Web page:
I return to the central point of my amendment. Even if parity with the English quota proposed by Clause 86 was introduced tomorrow, it would be wholly insufficient. Mere parity with the English quota is not enough. The whole point of the Scotland Bill is that it creates a Scottish parliament with full powers; indeed, no less an authority than the noble Lord, Lord Sewel, a mere 55 minutes ago, pointed out that the Scottish parliament has primary legislative powers; that is, it is a real parliament. By comparison England and the English regions have only Westminster.

It is not sufficient therefore for the electoral quota for Scotland as laid down in Clause 86 to have parity with England. In logic and in equity the quota must be substantially less. Precisely how much less is something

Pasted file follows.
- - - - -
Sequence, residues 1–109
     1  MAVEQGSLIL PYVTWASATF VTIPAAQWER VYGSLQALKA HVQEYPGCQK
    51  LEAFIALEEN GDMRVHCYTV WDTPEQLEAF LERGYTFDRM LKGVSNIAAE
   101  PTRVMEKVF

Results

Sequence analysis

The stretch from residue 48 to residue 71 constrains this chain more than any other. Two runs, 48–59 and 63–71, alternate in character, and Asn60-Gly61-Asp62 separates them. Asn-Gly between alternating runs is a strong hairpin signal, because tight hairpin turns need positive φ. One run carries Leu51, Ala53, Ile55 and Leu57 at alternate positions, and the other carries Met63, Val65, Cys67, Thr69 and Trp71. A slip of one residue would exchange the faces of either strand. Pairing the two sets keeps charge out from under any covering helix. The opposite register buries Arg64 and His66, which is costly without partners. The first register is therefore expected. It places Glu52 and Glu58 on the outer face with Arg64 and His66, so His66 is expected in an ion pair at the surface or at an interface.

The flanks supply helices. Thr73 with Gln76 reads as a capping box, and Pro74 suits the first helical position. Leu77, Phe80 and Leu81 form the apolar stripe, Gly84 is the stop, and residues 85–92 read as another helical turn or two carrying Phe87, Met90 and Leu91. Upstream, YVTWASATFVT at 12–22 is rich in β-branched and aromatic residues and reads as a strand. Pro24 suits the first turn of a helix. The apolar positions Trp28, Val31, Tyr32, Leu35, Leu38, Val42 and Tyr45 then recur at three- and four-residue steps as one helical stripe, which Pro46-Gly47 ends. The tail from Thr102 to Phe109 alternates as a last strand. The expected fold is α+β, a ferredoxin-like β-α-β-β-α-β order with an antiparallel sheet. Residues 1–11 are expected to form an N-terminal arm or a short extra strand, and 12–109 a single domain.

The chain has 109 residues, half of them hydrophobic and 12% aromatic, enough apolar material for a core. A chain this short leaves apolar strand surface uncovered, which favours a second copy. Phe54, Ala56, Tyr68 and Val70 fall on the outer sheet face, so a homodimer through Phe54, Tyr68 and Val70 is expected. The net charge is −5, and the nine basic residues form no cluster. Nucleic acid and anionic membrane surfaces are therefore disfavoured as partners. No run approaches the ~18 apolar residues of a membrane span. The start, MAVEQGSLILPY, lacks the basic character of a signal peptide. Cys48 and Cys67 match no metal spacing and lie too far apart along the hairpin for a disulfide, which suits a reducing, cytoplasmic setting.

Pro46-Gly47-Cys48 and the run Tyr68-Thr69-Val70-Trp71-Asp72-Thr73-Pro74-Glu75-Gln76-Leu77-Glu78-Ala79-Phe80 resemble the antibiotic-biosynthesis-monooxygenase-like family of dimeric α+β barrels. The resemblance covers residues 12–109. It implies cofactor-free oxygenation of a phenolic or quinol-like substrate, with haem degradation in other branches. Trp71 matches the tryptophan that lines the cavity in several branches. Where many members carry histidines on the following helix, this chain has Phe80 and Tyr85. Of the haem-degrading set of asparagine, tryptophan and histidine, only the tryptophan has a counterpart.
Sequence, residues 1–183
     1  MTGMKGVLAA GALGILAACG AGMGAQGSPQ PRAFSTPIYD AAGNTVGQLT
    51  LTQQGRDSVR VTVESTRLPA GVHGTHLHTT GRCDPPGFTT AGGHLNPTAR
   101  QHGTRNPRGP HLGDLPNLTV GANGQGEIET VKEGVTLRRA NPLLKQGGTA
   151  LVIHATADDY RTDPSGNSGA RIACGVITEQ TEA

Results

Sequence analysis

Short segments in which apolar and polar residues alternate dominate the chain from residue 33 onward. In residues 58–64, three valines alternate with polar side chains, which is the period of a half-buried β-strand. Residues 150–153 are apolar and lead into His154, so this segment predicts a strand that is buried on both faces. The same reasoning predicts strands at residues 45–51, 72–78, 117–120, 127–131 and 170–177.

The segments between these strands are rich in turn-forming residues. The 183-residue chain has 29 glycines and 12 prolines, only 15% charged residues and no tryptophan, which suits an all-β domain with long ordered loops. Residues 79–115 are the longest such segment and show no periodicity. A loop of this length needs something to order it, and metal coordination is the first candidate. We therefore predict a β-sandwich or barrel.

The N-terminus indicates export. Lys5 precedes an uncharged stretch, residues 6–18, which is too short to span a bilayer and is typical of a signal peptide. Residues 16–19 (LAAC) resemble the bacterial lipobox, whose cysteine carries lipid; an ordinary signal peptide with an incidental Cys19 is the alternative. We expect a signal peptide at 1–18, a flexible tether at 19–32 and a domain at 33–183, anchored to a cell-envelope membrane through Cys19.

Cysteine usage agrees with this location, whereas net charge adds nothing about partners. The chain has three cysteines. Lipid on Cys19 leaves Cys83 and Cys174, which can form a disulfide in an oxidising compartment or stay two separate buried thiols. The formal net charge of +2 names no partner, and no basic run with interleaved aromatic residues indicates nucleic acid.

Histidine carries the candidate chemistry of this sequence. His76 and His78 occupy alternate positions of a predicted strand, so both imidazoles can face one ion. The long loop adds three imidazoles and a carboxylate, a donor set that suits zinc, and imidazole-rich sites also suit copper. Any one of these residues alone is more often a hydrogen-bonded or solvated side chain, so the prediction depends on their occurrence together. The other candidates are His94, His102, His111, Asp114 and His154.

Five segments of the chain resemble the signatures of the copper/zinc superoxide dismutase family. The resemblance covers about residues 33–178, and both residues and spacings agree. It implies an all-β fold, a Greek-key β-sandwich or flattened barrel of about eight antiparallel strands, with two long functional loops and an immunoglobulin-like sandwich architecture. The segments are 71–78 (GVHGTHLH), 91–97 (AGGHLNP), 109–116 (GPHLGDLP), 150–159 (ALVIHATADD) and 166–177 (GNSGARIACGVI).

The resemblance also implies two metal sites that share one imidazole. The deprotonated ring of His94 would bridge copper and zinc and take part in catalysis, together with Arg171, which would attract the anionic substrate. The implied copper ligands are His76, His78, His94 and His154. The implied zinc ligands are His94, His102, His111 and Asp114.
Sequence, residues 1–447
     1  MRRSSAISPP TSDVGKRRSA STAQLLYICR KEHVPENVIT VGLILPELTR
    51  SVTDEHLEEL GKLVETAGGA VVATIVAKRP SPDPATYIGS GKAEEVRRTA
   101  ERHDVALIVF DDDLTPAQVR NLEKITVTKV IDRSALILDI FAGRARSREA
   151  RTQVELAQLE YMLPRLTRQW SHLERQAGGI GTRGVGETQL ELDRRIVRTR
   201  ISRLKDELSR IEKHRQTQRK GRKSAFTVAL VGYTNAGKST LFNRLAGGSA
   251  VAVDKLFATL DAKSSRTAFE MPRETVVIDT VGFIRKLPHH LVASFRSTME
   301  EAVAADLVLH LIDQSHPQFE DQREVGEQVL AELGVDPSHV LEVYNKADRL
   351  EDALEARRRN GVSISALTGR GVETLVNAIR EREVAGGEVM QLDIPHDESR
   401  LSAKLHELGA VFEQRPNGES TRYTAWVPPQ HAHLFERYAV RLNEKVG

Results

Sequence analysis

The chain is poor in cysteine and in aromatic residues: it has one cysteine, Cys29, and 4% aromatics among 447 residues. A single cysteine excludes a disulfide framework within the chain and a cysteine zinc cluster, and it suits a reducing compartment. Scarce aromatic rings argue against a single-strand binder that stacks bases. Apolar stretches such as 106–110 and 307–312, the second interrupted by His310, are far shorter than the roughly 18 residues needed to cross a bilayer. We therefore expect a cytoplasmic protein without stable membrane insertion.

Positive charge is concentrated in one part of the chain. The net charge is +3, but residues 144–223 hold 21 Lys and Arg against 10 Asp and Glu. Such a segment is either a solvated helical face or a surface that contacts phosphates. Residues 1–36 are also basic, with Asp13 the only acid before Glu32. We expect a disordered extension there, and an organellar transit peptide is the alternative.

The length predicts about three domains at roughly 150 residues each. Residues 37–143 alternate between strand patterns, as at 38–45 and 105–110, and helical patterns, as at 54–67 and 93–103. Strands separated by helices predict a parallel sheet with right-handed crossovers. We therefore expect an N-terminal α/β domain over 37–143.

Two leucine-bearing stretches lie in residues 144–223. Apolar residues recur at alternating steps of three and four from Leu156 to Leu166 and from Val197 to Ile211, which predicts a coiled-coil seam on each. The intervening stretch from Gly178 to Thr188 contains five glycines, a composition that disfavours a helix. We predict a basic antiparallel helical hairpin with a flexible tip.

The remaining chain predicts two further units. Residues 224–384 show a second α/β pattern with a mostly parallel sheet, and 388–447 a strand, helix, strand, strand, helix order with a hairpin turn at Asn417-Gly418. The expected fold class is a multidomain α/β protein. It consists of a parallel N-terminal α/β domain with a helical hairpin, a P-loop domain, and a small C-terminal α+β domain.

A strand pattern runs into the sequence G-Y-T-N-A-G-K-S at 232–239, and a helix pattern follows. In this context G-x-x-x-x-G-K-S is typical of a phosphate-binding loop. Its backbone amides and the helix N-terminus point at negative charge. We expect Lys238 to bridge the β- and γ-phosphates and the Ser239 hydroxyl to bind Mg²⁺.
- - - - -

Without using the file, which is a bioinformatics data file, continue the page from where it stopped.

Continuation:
9 Nov 1998 : Column 559

that the Boundary Commission can determine in the normal way on the basis of representations made to it, but with it being statutorily obliged to take fully into account the fact of a Scottish parliament in all its powers.

Amendment No. 35 has been carefully considered. It goes a long way to correcting the inequity--the self-evident and blatant unfairness towards the English and the English regions at the heart of this Bill--and in so doing will help to preserve the Union in something approaching its present form. I beg to move.